The crisis of social democracy is a long-term result of its insistence on the goal of winning parliamentary elections without having a developed strategy to overcome obstacles on the parliamentary road to social change. Instead, the response has been to switch to the so-called “Third Way” – towards the abyss.

    Its consequent downward trajectory is not the result of a leadership that has betrayed its members, nor is it a matter of individual mistakes or of chance. It is the inevitable consequence of fundamental antagonisms in the reformist road towards socialism – a problematic that every radical social transformation must address and overcome. Every comrade within the social democratic movement, who postpones these questions, gives further reasons to believe that this future will never arrive – no matter how many terms of office one might still have.

    On the other hand, if the primary goal of social democracy is no longer social transformation but to be a ruling party, then nothing remains beyond its role as an administrator of the state, and it will be locked into a structural necessity to reproduce capitalist relations of production. In short, it becomes a preserver of class society.


    This is much shortened version of the original article by CMS Stockholm1. The full text version is available at www.cmsmarx.org



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    1. Local association of Centrum för Marxistiska Samhällsstudier (CMS), http//www.cmsmarx.org
    2. We draw this account from Korpi (1981) and Josefsson (2005) among others. It might be a relatively arbitrary selection, since there also exist other models of explanation within Swedish social democracy. But these texts, or the perspectives that are formulated in them, seem to occupy a particularly central place among left-oriented Swedish social democrats.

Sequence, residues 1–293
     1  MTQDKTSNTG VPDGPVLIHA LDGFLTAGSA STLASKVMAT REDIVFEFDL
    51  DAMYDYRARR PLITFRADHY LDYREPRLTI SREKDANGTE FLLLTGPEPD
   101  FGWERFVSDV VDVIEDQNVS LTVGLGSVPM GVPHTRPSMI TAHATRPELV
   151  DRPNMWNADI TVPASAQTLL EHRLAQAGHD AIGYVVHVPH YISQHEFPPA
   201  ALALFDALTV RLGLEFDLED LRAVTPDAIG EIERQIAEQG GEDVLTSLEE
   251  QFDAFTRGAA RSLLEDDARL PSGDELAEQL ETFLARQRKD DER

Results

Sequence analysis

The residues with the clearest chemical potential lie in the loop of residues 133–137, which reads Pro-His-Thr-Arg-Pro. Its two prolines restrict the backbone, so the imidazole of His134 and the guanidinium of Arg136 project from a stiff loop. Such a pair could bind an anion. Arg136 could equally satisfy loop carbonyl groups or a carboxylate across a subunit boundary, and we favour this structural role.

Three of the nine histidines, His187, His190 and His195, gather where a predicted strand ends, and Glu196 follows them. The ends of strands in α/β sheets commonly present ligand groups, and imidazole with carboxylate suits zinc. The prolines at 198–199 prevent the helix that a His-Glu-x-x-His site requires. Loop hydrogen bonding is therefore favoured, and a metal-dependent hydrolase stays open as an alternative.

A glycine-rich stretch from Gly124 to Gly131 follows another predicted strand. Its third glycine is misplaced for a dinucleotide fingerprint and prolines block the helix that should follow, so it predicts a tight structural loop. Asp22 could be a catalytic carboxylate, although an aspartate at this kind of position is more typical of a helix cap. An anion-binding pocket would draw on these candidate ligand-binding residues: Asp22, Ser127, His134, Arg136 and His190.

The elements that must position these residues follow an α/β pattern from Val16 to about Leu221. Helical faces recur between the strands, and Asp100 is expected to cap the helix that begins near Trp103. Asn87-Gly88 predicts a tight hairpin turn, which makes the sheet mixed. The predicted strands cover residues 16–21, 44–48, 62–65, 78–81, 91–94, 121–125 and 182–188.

3. We borrow this term from Therborn et al. (1979).
    4. This way of conceptualising capital could reasonably be called a form of fetishism. What in classical Marxist terms is a relationship of valorisation, ultimately a relationship of exploitation (M-C…P…-C’-M’), is here portrayed as something inherent in the means of production.
    5. This theme of a betrayed reformism is in a sense a social democratic version of vulgar Trotskyism.
    6. See Anderson (1976).
    7. See Przeworski (1980).
    8. Nilsson & Nyström (2008) admit that, internationally, competitive interest on investments sets a limit for the political possibilities of reformism. But as they do not present any approaches to overcome this limit we have difficulties in perceiving their reformism as a specifically socialist one.
    9. This analysis rests on Block (1980).
    10. But formally the mean profit ratio follows a dynamic equilibrium rate R* = (a+p+d)/i, that is determined by the growth ratio in the total labour a, growth rate on productivity p, capital depreciation rate d and the relationship between investments and profits i. A derivation and analysis is given in Zachariah (2009).
    11. Kalecki (1943).
    12. Therborn et al. (1979, p. 21-25).
    13. Ibid.
    14. Therborn (1986, p. 23).
    15. Ibid. p. 34.
    16. Therborn (1985, p. 42).
    17. Therborn (1986, p. 27).